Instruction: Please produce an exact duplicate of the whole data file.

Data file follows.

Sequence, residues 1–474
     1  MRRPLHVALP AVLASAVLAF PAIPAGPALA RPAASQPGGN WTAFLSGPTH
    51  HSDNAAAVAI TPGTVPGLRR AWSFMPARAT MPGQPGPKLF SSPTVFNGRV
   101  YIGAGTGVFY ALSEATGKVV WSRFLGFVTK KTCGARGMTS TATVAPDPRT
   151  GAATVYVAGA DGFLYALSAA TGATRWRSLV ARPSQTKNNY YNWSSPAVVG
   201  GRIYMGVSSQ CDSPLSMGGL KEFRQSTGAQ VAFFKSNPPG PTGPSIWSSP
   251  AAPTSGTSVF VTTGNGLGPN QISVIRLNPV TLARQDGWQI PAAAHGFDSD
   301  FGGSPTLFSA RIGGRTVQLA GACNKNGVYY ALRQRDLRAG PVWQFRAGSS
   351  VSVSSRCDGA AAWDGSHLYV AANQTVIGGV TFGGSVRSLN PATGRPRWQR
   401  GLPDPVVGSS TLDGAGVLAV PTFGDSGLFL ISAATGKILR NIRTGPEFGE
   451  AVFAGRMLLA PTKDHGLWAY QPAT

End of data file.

Sequence, residues 1–474
     1  MRRPLHVALP AVLASAVLAF PAIPAGPALA RPAASQPGGN WTAFLSGPTH
    51  HSDNAAAVAI TPGTVPGLRR AWSFMPARAT MPGQPGPKLF SSPTVFNGRV
   101  YIGAGTGVFY ALSEATGKVV WSRFLGFVTK KTCGARGMTS TATVAPDPRT
   151  GAATVYVAGA DGFLYALSAA TGATRWRSLV ARPSQTKNNY YNWSSPAVVG
   201  GRIYMGVSSQ CDSPLSMGGL KEFRQSTGAQ VAFFKSNPPG PTGPSIWSSP
   251  AAPTSGTSVF VTTGNGLGPN QISVIRLNPV TLARQDGWQI PAAAHGFDSD
   301  FGGSPTLFSA RIGGRTVQLA GACNKNGVYY ALRQRDLRAG PVWQFRAGSS
   351  VSVSSRCDGA AAWDGSHLYV AANQTVIGGV TFGGSVRSLN PATGRPRWQR
   401  GLPDPVVGSS TLDGAGVLAV PTFGDSGLFL ISAATGKILR NIRTGPEFGE
   451  AVFAGRMLLA PTKDHGLWAY QPAT